Burke and Hare

Published in 18th–19th - Century History, Issue 2(March/April 2011), Letters, Volume 19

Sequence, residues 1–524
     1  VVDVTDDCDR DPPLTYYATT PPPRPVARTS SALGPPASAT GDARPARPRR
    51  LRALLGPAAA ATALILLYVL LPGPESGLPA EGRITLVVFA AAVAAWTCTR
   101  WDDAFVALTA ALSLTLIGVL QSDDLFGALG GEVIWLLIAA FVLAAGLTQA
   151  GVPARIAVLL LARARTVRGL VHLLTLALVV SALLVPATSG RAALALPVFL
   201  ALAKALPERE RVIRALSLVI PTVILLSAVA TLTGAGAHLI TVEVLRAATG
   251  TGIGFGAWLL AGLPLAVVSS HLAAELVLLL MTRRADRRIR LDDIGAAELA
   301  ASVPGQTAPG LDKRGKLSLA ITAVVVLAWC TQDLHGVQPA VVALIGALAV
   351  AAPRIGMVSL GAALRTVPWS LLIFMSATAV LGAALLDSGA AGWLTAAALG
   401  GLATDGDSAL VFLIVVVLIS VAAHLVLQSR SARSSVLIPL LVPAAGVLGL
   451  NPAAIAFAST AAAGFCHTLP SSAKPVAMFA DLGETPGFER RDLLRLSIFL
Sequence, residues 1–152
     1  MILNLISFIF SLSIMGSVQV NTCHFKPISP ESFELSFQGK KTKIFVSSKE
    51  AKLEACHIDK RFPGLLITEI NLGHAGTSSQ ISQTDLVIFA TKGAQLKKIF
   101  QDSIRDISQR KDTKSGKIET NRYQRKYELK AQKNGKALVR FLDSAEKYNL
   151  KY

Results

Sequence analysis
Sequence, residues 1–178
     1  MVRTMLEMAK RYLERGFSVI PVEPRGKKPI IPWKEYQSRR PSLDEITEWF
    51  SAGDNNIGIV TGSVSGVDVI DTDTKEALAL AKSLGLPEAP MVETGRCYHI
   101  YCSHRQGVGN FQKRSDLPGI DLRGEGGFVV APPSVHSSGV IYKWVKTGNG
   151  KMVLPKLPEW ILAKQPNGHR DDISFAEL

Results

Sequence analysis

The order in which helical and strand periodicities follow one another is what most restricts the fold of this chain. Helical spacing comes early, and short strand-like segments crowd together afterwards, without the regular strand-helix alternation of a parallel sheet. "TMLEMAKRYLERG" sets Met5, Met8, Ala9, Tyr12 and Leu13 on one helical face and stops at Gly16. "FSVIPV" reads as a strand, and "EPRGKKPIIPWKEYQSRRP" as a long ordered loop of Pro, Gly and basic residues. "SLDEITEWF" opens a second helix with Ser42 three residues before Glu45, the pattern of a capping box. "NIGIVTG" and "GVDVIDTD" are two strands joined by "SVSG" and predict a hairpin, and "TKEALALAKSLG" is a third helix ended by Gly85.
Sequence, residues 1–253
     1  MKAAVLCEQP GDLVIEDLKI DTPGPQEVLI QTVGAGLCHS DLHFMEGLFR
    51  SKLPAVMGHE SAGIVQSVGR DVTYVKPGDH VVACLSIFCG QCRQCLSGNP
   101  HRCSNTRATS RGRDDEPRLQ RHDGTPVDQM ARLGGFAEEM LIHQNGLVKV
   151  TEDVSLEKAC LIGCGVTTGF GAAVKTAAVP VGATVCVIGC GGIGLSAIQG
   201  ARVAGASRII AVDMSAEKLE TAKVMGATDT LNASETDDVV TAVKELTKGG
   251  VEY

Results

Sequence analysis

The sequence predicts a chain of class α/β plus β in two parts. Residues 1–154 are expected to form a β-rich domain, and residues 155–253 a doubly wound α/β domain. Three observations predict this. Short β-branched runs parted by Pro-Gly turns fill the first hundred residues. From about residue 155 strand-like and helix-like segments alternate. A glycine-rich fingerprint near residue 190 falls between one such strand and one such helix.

Sir,—My attention has been drawn to a Sidelines item (p. 6) in the last issue (HI 19.1, Jan./Feb. 2011), which contained a couple of inaccuracies that I’m sure you’d wish corrected. Although almost universally referred to as grave-robbers, William Burke and William Hare were in fact mass-murderers and never robbed a grave in their lives, at least not together. Being grave-robbers—or ‘resurrection men’, as they were called at the time—was their cover. In his confession William Burke said of himself: ‘He never was concerned with any other person but Hare in these matters, and was never a resurrection-man, and never dealt in dead bodies but what he murdered’. And it was, of course, William Hare and not William Burke who turned king’s evidence and got immunity for all the murders he might have committed (he didn’t actually admit to any). Burke was hanged on 28 January 1829, his body was dissected before a packed audience and his skeleton was put on public display, which was the only grave it ever found. Hare might very well have ended in a pauper’s grave but the last reliable sighting of him was on the road to Carlisle on 7 February 1829, as he made a bolt for it after the failure of the private prosecution against him for the murder of James Wilson. He had been trying to escape to Ireland but was spotted, and there was a riot in Dumfries from which the police had to rescue him. His wife, Margaret, appears to have made her escape a week later, to Ireland from Greenock, and again nothing more is heard of her. Conventional morality demanded that the Hares and Burke’s wife, Helen MacDougal, ended their days in poverty and misery, and Walter Scott had several pauper’s graves pointed out to him in various places as being those of these reprobates suffering for their sins (although MacDougal was almost certainly innocent of any crime). But they were resourceful and there is no reason to think that they didn’t have reasonably successful further careers. It is said that Helen MacDougal was stoned to death by an angry mob in Gateshead, and that might very well be true, or it might have been someone the mob thought was MacDougal. Who knows?—Yours etc., BRENDAN ELLIS Dublin 4

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